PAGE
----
Two images have been haunting me since the wars began in the former Yugoslavia in 1991. The first one is of men’s heads (or upper bodies) at round tables, leaning over maps. That image first appeared in the local and international press in 1990 and 1991, during the now almost forgotten series of meetings of the six newly elected presidents of Yugoslav republics who were unsuccessfully trying to find a political solution for the country’s political crisis. (The media called them “the travelling circus.”) Men’s heads also came together at the “secret” meetings between presidents Franjo Tudjman and Slobodan Milosevic, during the wars in Croatia (1991-1992) and in Bosnia (1992-1995), and at the meetings held in Washington in 1994 and in Dayton in 1995. During the war in Kosova, Serbian and KLA leaders did not meet officially, though there was that strange episode of Ibrahim Rugova’s “visit” to Belgrade. But one can just as easily imagine Serbian and Albanian political leaders and war commanders bending over maps and making decisions about borders. International leaders or NATO commanders discussing war affairs can easily be imagined in this pose. Men decided on national boundaries, on territorial borders; they shape the past and future of nations, and they make decisions that affect human lives.
The second image is of women. women refugees carrying the remnants of their belongings in plastic bags; women dragging frightened and exhausted children; weeping women, angry women, women impregnated by rape, traumatized women. Whatever happens, women are depicted as bodies. The few women in combat units, or even one participating at the decision making level, make no difference. Amid all the vicious circles of violence in these wars, this remains constant: Women are bodies in pain, regardless of which ethnic group is at some point recognized as aggressor and which as victim. Croatian women, Bosnian women, Muslim women, Serbian women, Albanian women … and this is not only in the wars of the former Yugoslavia.
Wars are gendered activities, right from the beginning. Jacklyn Cock states that war both “uses and maintains the ideological construction of gender in the definitions of ‘masculinity’ and ‘femininity’.”
Men, she stresses, go to war to protect and defend national values, territories, and borders, and to protect and defend “their” women and children. Women are cast in the role of “the protected” and “the defended,” or, in the words of another woman from another part of the world, the German filmmaker Helke Sander, women are “the liberated” and men are “the liberators.” Liberators themselves, like the Allied soldiers in Germany in 1945, often abuse women. The authors documented that within a month of the Allies entering Berlin, 70 percent of German women were raped. The majority of perpetrators were from the ranks of the Red Army, but the U.S., French, and British soldiers raped as well.
At the beginning of the wars in the former Yugoslavia, Croatian feminists who assisted displaced and refugee women from Bosnia, Herzegovina, and Croatia, regardless of their ethnicity or nationality, wrote: “Women did not participate in making (irresponsible) political or military decisions, and yet war and its misery more and more acquire women’s and children’s faces.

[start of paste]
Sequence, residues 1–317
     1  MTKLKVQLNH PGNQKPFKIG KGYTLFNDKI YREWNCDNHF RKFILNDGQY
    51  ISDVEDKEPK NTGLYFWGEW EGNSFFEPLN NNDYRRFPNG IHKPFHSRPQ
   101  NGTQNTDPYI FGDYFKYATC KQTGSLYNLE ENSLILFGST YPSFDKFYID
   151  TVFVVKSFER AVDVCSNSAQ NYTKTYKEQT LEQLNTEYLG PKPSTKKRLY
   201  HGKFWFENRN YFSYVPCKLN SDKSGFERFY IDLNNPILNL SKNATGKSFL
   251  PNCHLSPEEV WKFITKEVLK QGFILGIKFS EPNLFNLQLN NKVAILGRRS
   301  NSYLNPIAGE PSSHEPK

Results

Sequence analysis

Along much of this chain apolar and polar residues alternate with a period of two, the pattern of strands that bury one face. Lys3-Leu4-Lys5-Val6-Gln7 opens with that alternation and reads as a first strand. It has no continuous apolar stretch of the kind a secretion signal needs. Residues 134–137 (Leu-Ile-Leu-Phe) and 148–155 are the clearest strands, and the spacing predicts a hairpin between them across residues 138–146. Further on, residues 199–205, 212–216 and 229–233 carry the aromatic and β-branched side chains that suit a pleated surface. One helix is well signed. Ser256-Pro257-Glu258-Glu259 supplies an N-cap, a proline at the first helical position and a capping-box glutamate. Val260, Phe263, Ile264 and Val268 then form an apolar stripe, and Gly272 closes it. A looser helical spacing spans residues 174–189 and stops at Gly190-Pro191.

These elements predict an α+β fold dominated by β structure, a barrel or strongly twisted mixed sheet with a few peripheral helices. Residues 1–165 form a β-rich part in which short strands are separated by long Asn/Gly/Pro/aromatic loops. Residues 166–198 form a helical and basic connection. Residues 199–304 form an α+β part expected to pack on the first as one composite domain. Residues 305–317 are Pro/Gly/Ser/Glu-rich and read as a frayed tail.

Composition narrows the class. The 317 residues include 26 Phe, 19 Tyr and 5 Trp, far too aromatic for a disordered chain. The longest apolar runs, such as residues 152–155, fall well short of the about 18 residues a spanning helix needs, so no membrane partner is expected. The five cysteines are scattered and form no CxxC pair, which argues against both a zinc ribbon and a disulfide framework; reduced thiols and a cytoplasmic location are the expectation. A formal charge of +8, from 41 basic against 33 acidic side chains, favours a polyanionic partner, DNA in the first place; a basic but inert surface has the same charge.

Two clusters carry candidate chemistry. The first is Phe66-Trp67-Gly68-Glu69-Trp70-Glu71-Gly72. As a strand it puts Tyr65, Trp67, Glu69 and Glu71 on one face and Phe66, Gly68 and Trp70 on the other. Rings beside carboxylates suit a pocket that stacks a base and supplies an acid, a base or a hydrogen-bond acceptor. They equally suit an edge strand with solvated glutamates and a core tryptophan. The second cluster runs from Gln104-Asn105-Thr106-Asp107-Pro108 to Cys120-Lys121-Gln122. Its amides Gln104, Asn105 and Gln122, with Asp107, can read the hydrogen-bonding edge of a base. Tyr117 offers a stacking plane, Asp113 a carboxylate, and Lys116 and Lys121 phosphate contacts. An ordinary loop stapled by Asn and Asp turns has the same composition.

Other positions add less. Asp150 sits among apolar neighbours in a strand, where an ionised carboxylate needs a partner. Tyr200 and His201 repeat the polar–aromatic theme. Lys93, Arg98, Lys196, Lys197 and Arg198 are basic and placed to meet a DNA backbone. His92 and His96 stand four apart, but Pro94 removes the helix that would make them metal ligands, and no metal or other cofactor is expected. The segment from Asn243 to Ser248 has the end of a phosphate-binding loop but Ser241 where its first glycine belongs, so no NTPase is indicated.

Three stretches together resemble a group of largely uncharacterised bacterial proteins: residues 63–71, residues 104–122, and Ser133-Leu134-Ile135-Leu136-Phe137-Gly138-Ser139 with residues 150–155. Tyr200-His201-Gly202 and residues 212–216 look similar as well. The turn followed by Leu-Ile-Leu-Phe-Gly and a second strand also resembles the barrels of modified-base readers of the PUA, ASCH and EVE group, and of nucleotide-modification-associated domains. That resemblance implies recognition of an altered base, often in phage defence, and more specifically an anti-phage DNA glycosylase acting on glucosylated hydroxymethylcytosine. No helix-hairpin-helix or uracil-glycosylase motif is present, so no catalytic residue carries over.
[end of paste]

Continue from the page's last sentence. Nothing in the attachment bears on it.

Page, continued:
We were positioning the sexual violence of war within the larger matrix of patriarchal power relations and patriarchal violence against women. Women’s groups in Belgrade and Zagreb noticed that domestic violence increased during the war and acquired new forms. Disillusioned men and frustrated soldiers attacked or threatened their partners with guns, rifles, bombs, or military knives. Feminists pointed out the congruity between ethnic chauvinism and sexism: In both, differences are exaggerated, “Others” are perceived stereotypically, as of minor human value and as a threat to the nation and masculinity; domination and hierarchy are perceived as natural and worth the infliction of cruelty and violence.
For taking this position, some feminists and women’s groups were immediately denounced as “traitors of the
nation,” they were met with rage, exposed to defamation, even accused of betraying women. Rape as a weapon of war was entirely positioned within the category of ethnicity as a part of “genocidal” strategy, and women were turned into metaphors: “A raped Croat or Bosniak woman stands for a raped Croatia or Bosnia.” At the same time, the rapists’ existence as “men” and military figures was obliterated by their ethnicity. Serbs (Croats,
Muslims) rape, not Serbian (Croatian, Muslim) militaries and paramilitaries. On one hand, to be a woman in a
war zone meant one stood a good chance of being raped. On the other, to be a feminist within the nation
provoked political, and sometimes even bodily, threat. I must admit that I was surprised and frightened by such responses, not so much for my life (everybody was in danger), but because I had not expected such heated